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The classic jump-y puzzle games of the internet’s hay-day that you would boot up in the middle of class when your teacher wasn’t looking are a nostalgic treasure that many of us keep neatly tucked away in our noggins. Rarely do you see this older formula brought to life with spick and span polish, rather serving as cheap shadows barely grasping even a slither of the charm these old gaming experiences brought to the table. Deleveled isn’t that. Deleveled is classic, side-scroller, simple-artwork puzzle fun in all its glory, with crisp visuals, responsive controls, an intuitive, easy-to-navigate UX and an upbeat, 8-bit score that compliments the ride gloriously. 

Good

From the get-go, it is clear what you’re in for and that’s a charmingly simplistic yet engaging romp. The first level introduces you to the meat of the experience which is getting both the bottom and top squares to reach their respective exits simultaneously. That’s the shtick of the game – controls interact with two blocks that have different gravitational pulls, but the difficulty and challenge comes from the rapidly ramping up of the complexity, with keys that need to be activated in order to unlock the gates and obstacles that clash, causing you to have to propel the other cube by falling onto the same line, bouncing the other in their own opposite direction. Doing this lets you reach ledges, jump over spike-y death traps and clear gaps. It’s a nifty means of taking the classic platformer structure and putting a fresh spin on it to make it stand out.

What’s truly captivating is how utterly simple the visuals are, with the environment being made up of simplistic lines whilst the backgrounds vary in colour, shapes and lighting. Truly, the entire point of Deleveled is gameplay which shines through to the surface spectacularly because, whilst abstract and simplistic, there’s an impressive amount of polish from the transitions between levels to the little effects that spurt out when your squares interact with one another. Effects and transitions are one thing, but sound design also does a lot of the heavy lifting, with bouncy and energetic design and harsh clashes that indicate death or failure.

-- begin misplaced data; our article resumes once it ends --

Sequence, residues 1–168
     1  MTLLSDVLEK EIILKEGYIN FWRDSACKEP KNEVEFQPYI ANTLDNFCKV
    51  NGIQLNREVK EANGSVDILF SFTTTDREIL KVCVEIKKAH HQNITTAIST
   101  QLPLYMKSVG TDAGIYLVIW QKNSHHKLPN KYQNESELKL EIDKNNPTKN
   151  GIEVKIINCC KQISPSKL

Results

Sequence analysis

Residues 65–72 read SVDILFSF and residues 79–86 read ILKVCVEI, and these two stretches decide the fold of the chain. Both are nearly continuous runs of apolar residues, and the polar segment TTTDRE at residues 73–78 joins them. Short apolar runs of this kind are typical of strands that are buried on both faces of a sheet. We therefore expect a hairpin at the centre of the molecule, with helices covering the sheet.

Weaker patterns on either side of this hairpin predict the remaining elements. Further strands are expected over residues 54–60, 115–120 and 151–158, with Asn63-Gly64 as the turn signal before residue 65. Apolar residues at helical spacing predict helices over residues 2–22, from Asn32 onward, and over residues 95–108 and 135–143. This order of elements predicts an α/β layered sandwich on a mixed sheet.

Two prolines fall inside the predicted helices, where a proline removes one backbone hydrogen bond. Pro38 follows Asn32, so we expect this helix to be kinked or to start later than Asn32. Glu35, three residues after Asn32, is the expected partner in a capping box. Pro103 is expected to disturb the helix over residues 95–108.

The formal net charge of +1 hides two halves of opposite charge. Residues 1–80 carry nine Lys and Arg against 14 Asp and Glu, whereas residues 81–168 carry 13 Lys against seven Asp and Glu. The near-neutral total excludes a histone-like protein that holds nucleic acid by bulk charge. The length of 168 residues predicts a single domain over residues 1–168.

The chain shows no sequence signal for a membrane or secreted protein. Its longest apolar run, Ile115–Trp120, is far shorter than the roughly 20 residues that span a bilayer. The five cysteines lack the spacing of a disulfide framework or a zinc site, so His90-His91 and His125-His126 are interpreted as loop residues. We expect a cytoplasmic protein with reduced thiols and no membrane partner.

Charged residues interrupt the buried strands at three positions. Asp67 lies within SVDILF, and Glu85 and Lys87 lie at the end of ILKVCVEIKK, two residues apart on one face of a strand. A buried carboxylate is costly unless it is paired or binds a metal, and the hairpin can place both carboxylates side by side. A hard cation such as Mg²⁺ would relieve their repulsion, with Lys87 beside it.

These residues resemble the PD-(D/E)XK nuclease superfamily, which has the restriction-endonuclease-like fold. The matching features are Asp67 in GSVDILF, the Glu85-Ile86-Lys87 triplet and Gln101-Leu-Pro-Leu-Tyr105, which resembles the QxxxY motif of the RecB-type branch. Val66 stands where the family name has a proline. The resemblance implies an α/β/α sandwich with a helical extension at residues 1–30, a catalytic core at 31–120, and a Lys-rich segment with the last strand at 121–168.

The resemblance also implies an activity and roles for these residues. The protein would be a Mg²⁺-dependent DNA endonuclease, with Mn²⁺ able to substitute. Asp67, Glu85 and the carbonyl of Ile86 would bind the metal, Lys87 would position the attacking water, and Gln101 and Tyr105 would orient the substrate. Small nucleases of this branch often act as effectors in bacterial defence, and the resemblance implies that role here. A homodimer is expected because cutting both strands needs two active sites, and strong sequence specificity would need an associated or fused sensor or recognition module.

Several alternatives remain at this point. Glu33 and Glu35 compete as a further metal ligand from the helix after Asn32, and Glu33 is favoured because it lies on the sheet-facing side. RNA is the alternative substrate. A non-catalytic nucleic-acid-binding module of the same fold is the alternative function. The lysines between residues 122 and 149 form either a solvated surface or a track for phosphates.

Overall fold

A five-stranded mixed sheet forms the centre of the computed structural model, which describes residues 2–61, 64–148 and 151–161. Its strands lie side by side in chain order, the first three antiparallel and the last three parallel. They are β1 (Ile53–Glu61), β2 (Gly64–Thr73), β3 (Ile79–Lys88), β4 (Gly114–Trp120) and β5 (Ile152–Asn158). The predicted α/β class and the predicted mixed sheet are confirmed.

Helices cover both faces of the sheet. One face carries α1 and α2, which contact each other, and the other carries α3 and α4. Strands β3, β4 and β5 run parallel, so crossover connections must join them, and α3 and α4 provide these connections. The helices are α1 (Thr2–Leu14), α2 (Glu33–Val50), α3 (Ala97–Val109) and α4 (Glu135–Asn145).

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One of the big perks is the ability to unlock bonus levels, with even the first chapter sporting a secret level indicated by a question mark and a rewarded unlockable level that requires the nabbing of ten stars. Stars are acquired by completing levels in a certain number of tries, so there’s plenty of incentive to aim for perfection since it’ll net more content. Given that many of the genre’s cohorts stumble in incentivisation for progression, this is a well and true sight for sore eyes.

Bad

There’s not much to falter in Deleveled’s charming call back to the days of simple but engaging platforming, other than perhaps the repetitiveness of the game’s design in that the puzzles feel very same-y given the premise remaining the same throughout. You have to get both cubes to the same exit and so, whilst there’s incentives to go for the best score and find secrets for more content, each level boiling down to the same shtick can get a little monotonous. 

Final Score: 79%

As far as short bursts of serotonin go in the form of sparkly gaming gems, Deleveled hits the spot. From its pumped-up personality-rich score to its vibrant and abstract aesthetic, every moment spent in the shape-y abyss of puzzle-platforming is well spent.  

Thank you for checking out our Deleveled Switch Review (Quick), thank you to The Quantum Astrophysicists Guild for providing the review code and thank you to our $5 and up Patreon Backers for their ongoing support:

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Posted by James Troughton

James is a writer from England who also works for TheGamer and CBR